Combination Therapy With Memantine and Cholinesterase Inhibitors for Alzheimer’s Disease

Data analysis shows that combination treatment with memantine (MEM) (Namenda; Allergan, Madison, NJ) and cholinesterase inhibitors (ChEI) is more effective for treatment of neuropsychiatric symptoms in individuals with Alzheimer’s disease (AD) than ChEI alone. Using pooled data from 3 randomized-double blind placebo-controlled trials, the effect of MEM+ChEI vs ChEI on symptoms in 4 neuropsychiatric domains (psychosis, neurovegetative, frontal, and mood) was examined. The effects of treatment on these symptoms were measured with the neuropsychiatric inventory (NPI) at weeks 12 and 24. 

Mood symptoms including anxiety, depression/dysphoria, and apathy declined less for patients treated with MEM+ChEI compared with those treated with ChEI alone. For symptoms in the psychosis domain, including agitation/aggression, hallucinations, delusions, and irritability/lability, participants treated with MEM+ChEI had an average improvement of approximately 30% whereas those treated with ChEI alone had declines (P < .001). For neurovegetative symptoms, including appetite and eating changes, nighttime behavior, and aberrant motor behavior, treatment with MEM+ChEI resulted in significant improvement compared with ChEI alone (P = .0103). The difference in scores for the frontal domain was not significant, which may have been due to the very low scores in this domain at baseline (0.8 and 1.0 for those in the MEM+ChEI and ChEI alone, respectively.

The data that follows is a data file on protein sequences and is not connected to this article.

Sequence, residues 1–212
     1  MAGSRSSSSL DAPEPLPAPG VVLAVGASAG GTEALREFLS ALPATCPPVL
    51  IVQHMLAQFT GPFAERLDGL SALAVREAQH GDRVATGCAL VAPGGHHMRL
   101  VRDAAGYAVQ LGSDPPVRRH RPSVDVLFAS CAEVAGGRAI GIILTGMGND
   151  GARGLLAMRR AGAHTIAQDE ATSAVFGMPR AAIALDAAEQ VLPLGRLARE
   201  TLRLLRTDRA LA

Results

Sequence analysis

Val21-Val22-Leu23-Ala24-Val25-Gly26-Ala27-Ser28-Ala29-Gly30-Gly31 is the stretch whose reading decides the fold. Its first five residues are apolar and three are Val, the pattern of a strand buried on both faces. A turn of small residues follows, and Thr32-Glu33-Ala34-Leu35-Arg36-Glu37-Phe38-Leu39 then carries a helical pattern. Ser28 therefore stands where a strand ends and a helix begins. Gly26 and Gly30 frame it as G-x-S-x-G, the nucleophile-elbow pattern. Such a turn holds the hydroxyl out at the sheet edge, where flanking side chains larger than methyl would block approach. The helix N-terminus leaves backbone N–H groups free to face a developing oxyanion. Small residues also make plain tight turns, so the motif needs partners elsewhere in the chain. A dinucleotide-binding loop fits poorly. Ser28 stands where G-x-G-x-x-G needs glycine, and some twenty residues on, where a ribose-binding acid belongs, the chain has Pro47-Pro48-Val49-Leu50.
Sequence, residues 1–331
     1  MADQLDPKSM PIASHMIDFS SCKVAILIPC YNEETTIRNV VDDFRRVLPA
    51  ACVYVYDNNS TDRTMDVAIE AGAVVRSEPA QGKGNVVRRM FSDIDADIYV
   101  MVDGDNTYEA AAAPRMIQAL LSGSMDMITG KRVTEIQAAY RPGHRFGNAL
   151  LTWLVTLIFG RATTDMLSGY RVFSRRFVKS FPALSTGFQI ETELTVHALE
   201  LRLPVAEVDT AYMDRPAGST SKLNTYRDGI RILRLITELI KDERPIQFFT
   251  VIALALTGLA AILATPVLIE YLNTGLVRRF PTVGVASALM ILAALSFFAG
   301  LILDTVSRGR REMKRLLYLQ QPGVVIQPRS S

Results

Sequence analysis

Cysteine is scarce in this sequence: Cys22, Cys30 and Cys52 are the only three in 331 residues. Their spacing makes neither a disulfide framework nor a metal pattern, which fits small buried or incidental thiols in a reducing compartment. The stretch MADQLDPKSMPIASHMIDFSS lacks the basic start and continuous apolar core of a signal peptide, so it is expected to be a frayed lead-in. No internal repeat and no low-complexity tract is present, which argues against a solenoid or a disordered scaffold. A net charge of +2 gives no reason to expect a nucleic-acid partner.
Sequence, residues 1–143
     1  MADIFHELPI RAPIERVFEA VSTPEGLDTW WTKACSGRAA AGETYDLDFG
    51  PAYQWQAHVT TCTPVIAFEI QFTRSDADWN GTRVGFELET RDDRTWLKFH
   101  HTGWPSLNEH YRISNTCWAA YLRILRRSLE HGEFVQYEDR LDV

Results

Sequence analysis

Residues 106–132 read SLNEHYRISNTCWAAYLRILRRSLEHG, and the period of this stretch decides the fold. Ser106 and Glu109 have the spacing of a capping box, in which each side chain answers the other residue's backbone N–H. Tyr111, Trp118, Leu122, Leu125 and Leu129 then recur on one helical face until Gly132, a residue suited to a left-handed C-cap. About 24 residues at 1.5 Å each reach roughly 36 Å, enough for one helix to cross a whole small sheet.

Data for this analysis came from 3 clinical trials. (Tariot et al. JAMA, 2004; Porsteinsson et al. Alzheimer Research, 2008; Grossberg et al. CNS Drugs, 2013). The 1,262 participants in the trials had a mean baseline NPI score of 14.9 ± 14.6 (moderate-to-mild AD, Mini Mental State Examination (MMSE) average score score 11.5 ± 3.5, and mean age 75.7 ± 8.3.

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